Scientists validate natural products to boost libido
St Valentine’s Day is here again. It is a season synonymous with expression of ‘canal’ love among couples licenced to have sex after marriage.
Unfortunately, despite recommendations by several studies for couples to have sex more frequently because the act has been demonstrated to beat depression and prostate cancer, some men are firing blanks while their partners have lost interest in sex.
Little wonder products that promise to revive flagging libidos, sustain erection, prevent premature ejaculation, lubricate the vagina to mention but a few have flooded the market and doing more harm than good.
In recent times, so many men and women have lost their lives after patronising such products, which even the National Agency for Food and Drug Administration and Control (NAFDAC) has labeled dangerous.
However, scientists have identified simple natural products and actions to get couples ‘firring on all cylinders.’
Top on list are: physical fitness; sufficient rest; plant based diets; dates, tiger nuts, watermelon; unripe plantain; onions; garlic; bitter kola; colanut; nutmeg; cowhage/velvet bean; local spices and cattle stick.
Onions, garlic, bitter kola and colanut evaluated.
A study published in Annals of Complementary and Alternative Medicine evaluated aphrodisiac activities of four Nigerian ethno-medicinal plants.
The researchers from the Department of Pharmacology, Obafemi Awolowo University, Ile-Ife, Osun State, said some age-long plants are currently used as aphrodisiacs.
Allium cepa (onions), Allium sativum (garlic), Garcinia cola (bitter kola) and Cola acuminata (kolanut), used ethnomedicinally in Nigeria for enhancement of libido and erectile dysfunction, were evaluated.
Aqueous-ethanolextracts (50, 100, 150 mg/kg) were subcutaneously administered to six groups of male rats. Normal saline (5 mL/kg, ip) and testosterone (1 mg/kg, sc) were negative and positive controls, respectively. Another group received testosterone (1 mg/kg, sc) and 10 min later, the extract (100 mg/kg, sc). Eight hours thereafter, the male rats were introduced to females with pre-determined oestrous cycle and Mount (MF), Erection (EF) and Intromission (IF) frequencies, Mount (ML), Intromission (IL) and Ejaculatory (EL) Latencies, Post Ejaculatory Interval (PEI) and Lordosis were recorded.
The results showed testosterone induced increased sexual frequencies that were comparable (p>0.05) to those of G. cola but significantly (p<0.05) higher than those mediated by A. cepa, A. sativum and C. acuminata. Only G. cola consistently gave reduced latencies that were either significantly (p<0.05) lower or comparable to those of testosterone. Therefore, order of significant sexual activity was testosterone = G. cola > A. sativum = C. acuminata > A. cepa. Co-administration of testosterone with A. cepa and A. sativum bulbs significantly inhibited the effects of standard drug, C. acuminate showed some enhancement of effects, while G. cola had no effect.
The researchers concluded: “The plants were confirmed as ethno-medicinal aphrodisiacs, while common practice of using herbal sexual stimulants with prescribed drugs may not always increase sexual performance.”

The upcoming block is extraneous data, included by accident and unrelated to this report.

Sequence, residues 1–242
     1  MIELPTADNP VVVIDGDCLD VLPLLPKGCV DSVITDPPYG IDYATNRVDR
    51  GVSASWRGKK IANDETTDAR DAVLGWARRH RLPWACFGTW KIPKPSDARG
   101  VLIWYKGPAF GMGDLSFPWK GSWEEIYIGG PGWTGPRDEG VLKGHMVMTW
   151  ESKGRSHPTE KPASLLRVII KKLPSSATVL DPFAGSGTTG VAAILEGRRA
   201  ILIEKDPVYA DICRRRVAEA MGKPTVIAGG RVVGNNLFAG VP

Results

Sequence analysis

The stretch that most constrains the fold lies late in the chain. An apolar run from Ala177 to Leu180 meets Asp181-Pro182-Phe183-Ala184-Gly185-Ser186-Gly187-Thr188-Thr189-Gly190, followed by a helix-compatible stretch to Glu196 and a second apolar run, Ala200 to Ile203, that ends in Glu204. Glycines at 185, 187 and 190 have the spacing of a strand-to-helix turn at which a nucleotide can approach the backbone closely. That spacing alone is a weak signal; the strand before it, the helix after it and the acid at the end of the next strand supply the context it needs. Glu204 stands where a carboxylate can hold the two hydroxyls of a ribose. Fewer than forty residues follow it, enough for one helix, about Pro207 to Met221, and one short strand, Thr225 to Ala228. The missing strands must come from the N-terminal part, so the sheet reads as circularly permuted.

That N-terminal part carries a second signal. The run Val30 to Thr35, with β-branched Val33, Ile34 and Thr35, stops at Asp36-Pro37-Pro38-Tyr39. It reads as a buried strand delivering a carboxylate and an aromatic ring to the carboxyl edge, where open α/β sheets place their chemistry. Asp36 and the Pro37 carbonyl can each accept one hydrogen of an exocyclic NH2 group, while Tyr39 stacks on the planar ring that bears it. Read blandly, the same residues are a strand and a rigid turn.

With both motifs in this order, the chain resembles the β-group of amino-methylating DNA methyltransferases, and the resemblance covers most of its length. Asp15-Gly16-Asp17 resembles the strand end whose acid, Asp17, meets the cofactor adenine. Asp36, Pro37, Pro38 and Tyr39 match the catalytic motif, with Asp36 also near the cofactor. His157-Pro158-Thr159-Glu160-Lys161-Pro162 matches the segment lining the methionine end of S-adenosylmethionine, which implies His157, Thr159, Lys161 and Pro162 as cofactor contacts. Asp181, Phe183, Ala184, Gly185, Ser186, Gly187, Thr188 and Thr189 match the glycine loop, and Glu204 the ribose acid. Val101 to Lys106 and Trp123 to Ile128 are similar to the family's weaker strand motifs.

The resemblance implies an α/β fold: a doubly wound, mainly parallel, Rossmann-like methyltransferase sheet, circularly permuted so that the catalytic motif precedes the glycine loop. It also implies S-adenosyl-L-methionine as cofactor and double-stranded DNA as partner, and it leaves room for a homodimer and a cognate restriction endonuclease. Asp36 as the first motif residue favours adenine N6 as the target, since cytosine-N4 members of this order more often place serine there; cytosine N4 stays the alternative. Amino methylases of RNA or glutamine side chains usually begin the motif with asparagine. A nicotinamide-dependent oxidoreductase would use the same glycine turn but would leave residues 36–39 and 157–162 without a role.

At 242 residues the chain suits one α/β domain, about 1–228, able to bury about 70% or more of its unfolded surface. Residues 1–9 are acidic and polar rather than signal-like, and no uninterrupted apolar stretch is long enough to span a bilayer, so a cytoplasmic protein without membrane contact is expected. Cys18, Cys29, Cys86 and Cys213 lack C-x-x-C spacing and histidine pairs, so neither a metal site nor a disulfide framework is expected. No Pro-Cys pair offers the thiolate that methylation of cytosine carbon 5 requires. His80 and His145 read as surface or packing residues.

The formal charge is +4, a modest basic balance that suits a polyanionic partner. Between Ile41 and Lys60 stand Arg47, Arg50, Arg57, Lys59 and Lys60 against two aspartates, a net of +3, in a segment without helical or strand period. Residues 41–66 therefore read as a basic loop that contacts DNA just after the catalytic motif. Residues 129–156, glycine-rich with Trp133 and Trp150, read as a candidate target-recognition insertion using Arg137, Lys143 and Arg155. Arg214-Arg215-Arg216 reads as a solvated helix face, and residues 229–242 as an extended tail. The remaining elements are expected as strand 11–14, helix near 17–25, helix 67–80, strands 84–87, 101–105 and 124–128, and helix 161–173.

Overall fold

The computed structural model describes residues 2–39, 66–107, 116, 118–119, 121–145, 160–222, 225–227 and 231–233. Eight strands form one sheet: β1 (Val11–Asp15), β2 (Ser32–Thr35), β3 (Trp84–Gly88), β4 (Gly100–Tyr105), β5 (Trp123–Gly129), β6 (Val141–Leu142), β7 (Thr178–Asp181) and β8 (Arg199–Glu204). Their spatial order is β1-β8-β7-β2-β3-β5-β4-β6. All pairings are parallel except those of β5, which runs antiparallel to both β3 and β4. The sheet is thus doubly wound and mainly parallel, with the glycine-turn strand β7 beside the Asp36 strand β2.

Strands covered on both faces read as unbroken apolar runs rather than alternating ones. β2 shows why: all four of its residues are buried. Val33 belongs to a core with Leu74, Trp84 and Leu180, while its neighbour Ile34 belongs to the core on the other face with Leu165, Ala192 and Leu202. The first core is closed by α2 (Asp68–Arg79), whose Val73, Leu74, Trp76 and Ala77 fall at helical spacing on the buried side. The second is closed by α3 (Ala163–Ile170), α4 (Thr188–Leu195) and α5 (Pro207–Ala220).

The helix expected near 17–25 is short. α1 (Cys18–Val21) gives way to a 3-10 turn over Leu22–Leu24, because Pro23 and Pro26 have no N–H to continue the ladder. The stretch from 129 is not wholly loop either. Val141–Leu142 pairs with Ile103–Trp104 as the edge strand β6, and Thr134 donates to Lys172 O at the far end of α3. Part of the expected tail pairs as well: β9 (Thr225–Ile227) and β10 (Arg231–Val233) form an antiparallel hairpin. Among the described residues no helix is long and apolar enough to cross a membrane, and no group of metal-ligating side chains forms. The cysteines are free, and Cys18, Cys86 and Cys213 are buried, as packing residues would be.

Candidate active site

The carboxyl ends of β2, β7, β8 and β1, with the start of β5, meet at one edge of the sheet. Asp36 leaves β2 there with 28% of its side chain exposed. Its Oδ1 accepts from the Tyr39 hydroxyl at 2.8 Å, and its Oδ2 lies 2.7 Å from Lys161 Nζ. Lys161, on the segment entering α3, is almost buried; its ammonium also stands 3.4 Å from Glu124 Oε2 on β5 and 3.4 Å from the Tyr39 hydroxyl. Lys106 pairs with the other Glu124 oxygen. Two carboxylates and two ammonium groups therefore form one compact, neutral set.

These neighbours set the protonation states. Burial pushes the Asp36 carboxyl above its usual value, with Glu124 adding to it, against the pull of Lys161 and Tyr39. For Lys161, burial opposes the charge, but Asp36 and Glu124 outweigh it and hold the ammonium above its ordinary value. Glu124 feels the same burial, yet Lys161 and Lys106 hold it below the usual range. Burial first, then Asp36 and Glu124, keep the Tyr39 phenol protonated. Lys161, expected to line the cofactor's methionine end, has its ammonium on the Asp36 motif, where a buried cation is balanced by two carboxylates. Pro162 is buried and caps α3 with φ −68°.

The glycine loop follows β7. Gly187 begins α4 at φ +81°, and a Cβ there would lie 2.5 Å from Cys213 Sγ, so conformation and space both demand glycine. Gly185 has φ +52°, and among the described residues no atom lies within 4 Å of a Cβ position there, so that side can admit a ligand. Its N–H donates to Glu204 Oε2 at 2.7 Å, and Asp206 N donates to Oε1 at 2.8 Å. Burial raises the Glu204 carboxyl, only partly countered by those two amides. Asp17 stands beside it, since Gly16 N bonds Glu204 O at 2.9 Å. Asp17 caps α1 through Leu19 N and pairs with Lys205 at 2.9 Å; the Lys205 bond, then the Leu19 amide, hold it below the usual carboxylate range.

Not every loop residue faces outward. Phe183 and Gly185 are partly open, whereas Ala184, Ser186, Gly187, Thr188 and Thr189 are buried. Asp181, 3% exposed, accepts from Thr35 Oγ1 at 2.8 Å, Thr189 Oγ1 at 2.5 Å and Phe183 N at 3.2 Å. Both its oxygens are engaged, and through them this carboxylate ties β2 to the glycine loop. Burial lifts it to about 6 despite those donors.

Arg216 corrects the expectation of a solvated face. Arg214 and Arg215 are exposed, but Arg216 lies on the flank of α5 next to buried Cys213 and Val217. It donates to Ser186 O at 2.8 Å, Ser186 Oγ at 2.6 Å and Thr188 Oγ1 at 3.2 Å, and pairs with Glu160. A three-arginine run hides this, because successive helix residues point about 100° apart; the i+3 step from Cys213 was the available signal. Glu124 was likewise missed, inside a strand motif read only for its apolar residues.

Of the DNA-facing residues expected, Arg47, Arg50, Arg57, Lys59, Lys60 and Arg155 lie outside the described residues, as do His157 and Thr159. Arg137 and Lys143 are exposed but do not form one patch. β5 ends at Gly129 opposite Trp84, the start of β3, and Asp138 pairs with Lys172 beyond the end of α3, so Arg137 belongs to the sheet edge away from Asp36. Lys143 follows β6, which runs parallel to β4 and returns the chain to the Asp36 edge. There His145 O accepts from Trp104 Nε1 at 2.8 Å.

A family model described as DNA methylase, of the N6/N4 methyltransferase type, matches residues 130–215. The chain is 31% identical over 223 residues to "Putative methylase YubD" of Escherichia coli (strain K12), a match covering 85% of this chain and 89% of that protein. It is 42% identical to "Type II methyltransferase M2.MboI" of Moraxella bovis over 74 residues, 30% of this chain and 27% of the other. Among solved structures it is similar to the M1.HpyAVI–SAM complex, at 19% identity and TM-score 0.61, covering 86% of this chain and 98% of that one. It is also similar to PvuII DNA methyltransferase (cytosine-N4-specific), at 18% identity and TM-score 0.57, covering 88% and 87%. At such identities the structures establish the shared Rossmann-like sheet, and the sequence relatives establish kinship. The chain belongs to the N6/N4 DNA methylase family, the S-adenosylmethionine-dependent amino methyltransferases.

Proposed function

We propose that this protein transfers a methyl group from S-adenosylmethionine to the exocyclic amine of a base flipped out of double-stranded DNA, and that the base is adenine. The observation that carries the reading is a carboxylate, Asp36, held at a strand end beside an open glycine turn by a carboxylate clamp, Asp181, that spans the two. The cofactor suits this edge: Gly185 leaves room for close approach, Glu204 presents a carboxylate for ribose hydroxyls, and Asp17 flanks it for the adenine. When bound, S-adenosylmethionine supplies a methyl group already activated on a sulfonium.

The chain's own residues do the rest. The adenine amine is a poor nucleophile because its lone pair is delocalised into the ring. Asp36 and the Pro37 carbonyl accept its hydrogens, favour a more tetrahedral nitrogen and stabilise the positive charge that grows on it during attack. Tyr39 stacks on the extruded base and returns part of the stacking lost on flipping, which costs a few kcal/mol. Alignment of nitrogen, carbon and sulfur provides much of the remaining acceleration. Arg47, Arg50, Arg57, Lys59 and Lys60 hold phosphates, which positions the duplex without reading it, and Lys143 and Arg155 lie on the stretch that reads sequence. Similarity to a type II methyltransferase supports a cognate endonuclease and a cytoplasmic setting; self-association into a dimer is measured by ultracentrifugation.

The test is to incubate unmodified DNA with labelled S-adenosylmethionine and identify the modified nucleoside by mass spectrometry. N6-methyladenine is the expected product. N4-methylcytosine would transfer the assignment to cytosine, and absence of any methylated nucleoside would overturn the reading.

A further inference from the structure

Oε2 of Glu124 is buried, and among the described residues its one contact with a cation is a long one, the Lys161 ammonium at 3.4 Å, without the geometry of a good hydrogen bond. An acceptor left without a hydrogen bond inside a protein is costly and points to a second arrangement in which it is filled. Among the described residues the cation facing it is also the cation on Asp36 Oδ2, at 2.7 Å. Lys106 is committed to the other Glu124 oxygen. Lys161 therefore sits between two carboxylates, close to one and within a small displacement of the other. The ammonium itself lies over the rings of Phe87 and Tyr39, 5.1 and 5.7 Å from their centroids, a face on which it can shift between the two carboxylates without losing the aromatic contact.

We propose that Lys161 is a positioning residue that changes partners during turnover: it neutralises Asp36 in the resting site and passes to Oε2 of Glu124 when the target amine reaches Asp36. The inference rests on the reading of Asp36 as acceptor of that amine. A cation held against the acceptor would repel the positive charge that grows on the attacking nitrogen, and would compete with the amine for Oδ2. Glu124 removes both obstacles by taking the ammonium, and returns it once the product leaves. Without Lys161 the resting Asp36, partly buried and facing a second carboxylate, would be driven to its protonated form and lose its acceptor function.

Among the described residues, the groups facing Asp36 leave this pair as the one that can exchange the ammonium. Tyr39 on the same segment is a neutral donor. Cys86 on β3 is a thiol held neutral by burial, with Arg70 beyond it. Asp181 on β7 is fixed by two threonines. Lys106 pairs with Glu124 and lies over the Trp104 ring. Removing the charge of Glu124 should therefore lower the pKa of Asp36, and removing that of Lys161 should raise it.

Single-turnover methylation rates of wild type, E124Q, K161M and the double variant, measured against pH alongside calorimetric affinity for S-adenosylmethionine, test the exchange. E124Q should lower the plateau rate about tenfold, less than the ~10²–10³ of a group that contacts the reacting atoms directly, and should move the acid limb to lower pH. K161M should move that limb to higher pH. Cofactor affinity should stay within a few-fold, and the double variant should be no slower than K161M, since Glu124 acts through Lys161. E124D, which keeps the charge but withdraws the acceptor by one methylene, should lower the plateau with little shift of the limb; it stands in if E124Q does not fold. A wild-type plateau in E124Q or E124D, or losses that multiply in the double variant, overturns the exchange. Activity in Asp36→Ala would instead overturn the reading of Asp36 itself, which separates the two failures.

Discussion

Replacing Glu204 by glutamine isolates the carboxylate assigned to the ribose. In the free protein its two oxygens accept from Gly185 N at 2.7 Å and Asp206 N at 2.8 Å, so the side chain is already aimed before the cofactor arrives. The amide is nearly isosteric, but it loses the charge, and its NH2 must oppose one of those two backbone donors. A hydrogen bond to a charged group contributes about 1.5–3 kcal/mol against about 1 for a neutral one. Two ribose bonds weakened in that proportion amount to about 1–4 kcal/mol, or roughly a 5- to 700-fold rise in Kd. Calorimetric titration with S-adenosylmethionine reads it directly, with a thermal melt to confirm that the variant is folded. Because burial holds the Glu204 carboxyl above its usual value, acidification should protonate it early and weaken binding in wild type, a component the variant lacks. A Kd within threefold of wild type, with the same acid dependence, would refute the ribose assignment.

Sexual function is an important attribute of behavioral life, especially in relationships between the opposite sexes. Libido, the capacity for sexual activity (sex drive), is frequently expressed as sex-seeking behavior and its intensity varies among individuals over a given period of time.
Hence, in marriages/relationships, absence of libido would mean no procreation (reproduction) and ultimately the extinction of human race. Sexual problems are widespread and may adversely affect mood, well being and interpersonal functioning. Various regions of the brain have been implicated in mood and sexual behaviors. Upon sexual stimulation and arousal, neural message is sent from the brain to the spinal cord and nerves that serve the sexual organs. In men, the body responds by releasing a cascade of chemicals that direct the flow of blood into the penis resulting in penal erection while in women, the nipples are stiffened, clitoris stimulated, vagina lubricated and the body prepares for intercourse.
Erectile dysfunction has been defined as the difficulty or the inability to attain or sustain an erection adequate for satisfactory sexual intercourse, in at least 50 per cent of the time for a period of six months. Studies have shown that mostly menopausal women suffer from reduced libido and men from erectile dysfunction. Hence, a variety of central and peripheral disorders, including damage to nerves, arteries, smooth muscles and fibrous tissues, chronic alcoholism, smoking, and psychological factors, such as stress, anxiety, guilt, depression, low self-esteem and fear of sexual failure, and diseases such as diabetes, kidney, vascular and neurologic diseases, side effects of antihypertensive, antihistaminic, antidepressant, tranquilizer, appetite suppressant drugs and cimetidine, together with hormonal abnormalities, such as low testosterone levels, could also be responsible for this dysfunction. With 10 per cent to 52 per cent and 25 per cent to 63 per cent occurrences in men and women, respectively, sexual dysfunction or disorientation has assumed the status of a serious medical and social problem. It is also an inevitable process of ageing and the prevalence in men aged 50 years to 70 years is over 50 per cent.